However, I'd been doing a good job of writing a little every day and I want to keep up with that habit. So here comes some blogging, y'all!
While trying to figure out what I could pop into a post that would be interesting, informative, and not too terribly wordy, I realized why I was having so many issues maintaining this blog in the first place. When you're an author, there's this immense pressure that all things in your life must revolve around the written word. You must sit around daydreaming, sipping expensive lattes, and spend your entire day clickety-clacking away on the keys as you pen your next masterpiece (or scrawling in elegant script in your Moleskine Journal, if you like keepin' it oldschool).
But the reality is this: authors are people, too. We have lives outside of our Word documents. We have children, pets, spouses, hobbies, and other interests that have nothing (or at least very little) to do with writing. What are my other life-consuming tasks? Well, my children are at the top of the list. Then I have a house to upkeep. And a dog, cat, and some fish to care for. We also have a vegetable garden that needs occasional tending. My next largest clock-eating activity would be crafting. Sewing, knitting, crocheting... Doesn't matter which. I love them all. I'm the kind of person that likes to make something with my hands, and be able to view my progress.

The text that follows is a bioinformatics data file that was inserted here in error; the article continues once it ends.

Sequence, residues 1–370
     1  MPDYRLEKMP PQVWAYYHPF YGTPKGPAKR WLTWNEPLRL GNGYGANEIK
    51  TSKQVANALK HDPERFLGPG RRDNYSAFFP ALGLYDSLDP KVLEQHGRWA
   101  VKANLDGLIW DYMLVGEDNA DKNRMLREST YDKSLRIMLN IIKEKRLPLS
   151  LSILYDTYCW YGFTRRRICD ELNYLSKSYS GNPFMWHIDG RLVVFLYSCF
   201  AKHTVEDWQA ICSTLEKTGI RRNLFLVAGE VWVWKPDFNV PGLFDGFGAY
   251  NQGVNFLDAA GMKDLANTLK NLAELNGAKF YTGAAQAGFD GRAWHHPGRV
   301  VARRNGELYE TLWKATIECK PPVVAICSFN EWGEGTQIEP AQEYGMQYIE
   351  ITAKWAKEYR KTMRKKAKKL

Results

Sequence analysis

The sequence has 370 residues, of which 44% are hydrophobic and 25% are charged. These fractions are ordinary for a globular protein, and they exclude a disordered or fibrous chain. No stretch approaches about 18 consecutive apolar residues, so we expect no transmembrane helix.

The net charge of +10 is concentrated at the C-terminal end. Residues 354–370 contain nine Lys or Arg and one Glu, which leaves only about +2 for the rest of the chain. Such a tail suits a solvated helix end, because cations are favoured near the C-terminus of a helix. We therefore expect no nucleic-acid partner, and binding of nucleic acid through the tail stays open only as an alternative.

With all this digital technology, I don't get the same kind of satisfaction from a finished or lengthy document that I used to. With a typewriter, you could see each page add to the pile, growing as the story went on. Now, you can scroll from top to bottom with a keystroke, even if your story is 400 plus pages. I'm no George R.R. Martin, so I'm not going to revert to using an ancient piece of machinery to finish my works or anything. However, I found a bit of a middle ground that helps me sometimes when I hit a slump. Rather than getting out a notebook and pen, I have a tablet computer and a stylus for it. Combined with handwriting recognition software, this means that I can physically write the words and have them popped right into text without the added time-suck of having to type up what I've literally penned. I suppose that makes all this new fangled tech both a bane and a boon.
What's the takeaway from all this? Next time you're chomping at the bit because you just devoured a brand new novel in a day, which took an author a year to perfect for you, remember that--while they DO love and appreciate your fervor--sometimes they've got other things that need to get taken care of before they can shove you into that pool of the glittering fantasy world you've fallen so madly in love with.